The POCD observes that by the year 2020, adults age 55 and older are expected to comprise over 40 percent of the population statewide. The figures for Branford are similar. “From 1970 to 2020, Branford’s population will have changed from a community with about 40 percent of the population between to the ages of 20 to 45 to a community with about 40 percent of the population over the age of 55.”
This shift in age composition may well lead to a different mix of municipal services, with concomitant changes from “schools and ball fields” to “senior center and walking trails,” the plan says. As for household size, the report notes a significant finding, specifically, that about 67 percent of all housing units in Branford are occupied by one or two people. In other words, the typical image of a housing unit containing a married couple and school age children is no longer the case.”
The report takes into account many recommendations articulated by residents at both Planning & Zoning hearings and the town’s Vision project. Residents have spoken at hearings, answered on-line surveys and participated in round table discussions. LINK over the last year. But a bit of a turf war seems to have developed between the two groups.
At the meeting last week, Ellsworth McGuigan, the chair of P& Z, said he was going to give the Vision group a full 30 minutes to discuss its findings, a statement that did not go over well. The Branford Vision Project group includes the town’s top commissioners as well as Laura Collins of the Chamber of Commerce, Karyl Lee Hall of the Conservation Commission, and Doug Marsh, the head of the Branford Land Trust, the town planners and McGuigan. The Vision Committee is led by former Second Selectman Richard Sullivan and its scope is far broader than P&Z requirements.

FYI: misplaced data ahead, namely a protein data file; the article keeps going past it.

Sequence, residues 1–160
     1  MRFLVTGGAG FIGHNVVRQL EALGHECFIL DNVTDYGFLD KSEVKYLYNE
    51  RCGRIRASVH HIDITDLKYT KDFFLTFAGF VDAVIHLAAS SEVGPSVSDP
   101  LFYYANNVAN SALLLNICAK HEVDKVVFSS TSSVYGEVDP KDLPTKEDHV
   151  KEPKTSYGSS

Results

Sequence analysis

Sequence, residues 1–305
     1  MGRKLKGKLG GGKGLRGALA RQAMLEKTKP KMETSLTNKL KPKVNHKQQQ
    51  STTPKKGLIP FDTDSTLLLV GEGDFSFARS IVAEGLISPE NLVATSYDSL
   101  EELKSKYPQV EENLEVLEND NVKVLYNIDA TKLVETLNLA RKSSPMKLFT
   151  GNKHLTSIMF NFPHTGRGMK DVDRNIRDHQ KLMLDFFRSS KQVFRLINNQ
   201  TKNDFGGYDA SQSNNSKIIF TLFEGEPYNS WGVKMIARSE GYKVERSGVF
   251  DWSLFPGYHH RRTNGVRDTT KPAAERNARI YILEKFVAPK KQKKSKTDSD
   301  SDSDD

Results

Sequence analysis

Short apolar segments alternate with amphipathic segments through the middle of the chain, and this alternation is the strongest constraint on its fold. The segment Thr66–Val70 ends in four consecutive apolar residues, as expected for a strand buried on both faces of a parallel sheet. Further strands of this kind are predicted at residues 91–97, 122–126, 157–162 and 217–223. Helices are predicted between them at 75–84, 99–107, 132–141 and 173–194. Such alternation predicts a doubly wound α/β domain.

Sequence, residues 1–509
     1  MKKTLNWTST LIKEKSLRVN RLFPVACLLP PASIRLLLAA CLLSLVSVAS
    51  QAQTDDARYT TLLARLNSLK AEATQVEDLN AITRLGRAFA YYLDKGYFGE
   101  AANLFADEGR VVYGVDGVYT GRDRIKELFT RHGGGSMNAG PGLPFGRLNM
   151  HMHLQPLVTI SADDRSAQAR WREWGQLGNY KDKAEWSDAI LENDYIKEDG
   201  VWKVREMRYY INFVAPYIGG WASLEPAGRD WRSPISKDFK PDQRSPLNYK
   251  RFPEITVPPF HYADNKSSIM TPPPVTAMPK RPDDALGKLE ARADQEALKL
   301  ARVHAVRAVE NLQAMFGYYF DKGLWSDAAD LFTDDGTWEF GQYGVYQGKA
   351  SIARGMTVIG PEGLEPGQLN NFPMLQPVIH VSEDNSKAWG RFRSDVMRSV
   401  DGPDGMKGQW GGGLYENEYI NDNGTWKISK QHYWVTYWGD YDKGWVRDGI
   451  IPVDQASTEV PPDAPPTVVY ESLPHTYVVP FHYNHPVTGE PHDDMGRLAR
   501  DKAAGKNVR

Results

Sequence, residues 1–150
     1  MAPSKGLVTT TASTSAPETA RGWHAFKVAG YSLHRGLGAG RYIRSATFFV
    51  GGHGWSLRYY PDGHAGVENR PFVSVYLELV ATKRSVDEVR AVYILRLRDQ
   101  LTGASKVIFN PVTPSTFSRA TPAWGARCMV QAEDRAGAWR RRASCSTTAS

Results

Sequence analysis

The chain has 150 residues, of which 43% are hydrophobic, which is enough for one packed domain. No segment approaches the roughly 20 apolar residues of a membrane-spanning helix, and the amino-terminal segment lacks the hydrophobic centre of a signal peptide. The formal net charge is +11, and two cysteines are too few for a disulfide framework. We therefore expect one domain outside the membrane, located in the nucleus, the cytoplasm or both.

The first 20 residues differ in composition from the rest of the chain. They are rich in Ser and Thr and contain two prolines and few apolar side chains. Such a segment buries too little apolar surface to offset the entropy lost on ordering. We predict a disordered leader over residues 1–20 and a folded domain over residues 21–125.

Branford has been a leader in open space acquisition primarily through the Branford Land Trust, now in its 40th year. From the floor, Marsh pressed McGuigan: “I hope you will reconsider the thirty minutes you have given the Vision committee. It is not adequate. “We will take it under advisement,” McGuigan replied.
One topic that intrigued the outside planners is establishment of so-called “village districts,” that under state law permit the P&Z to approve design review of proposed houses to make sure they conform to the unique character of an area or historic district, such as the Town Center or Stony Creek. The planners say that while originally enabled for villages, “the terminology can now be applied to areas recognized as having unique character, landscape or historic value.” This type of review would go along way to prevent proliferation of so-called McMansions which are often built on small lots of shoreline property in Branford and other shoreline towns.
The report also seeks an open space system that is interconnected with greenways and trails, linking these open spaces to the Town Center, Short Beach and other places. Bicycle paths were strongly encouraged.
Here Horne says the plan does not go far enough. “Create greenway linkages is far short of what is needed to complete the open space system that will accomplish the goals of protecting natural resources that are stated elsewhere in the POCD.
“Development plans for managing Town open space, meaning a stewardship system, is necessary and parallels a similar move by the land trust to prepare for the time when no more acquisition is possible and we can be fully engaged in maintaining what we have for our future generations.” ####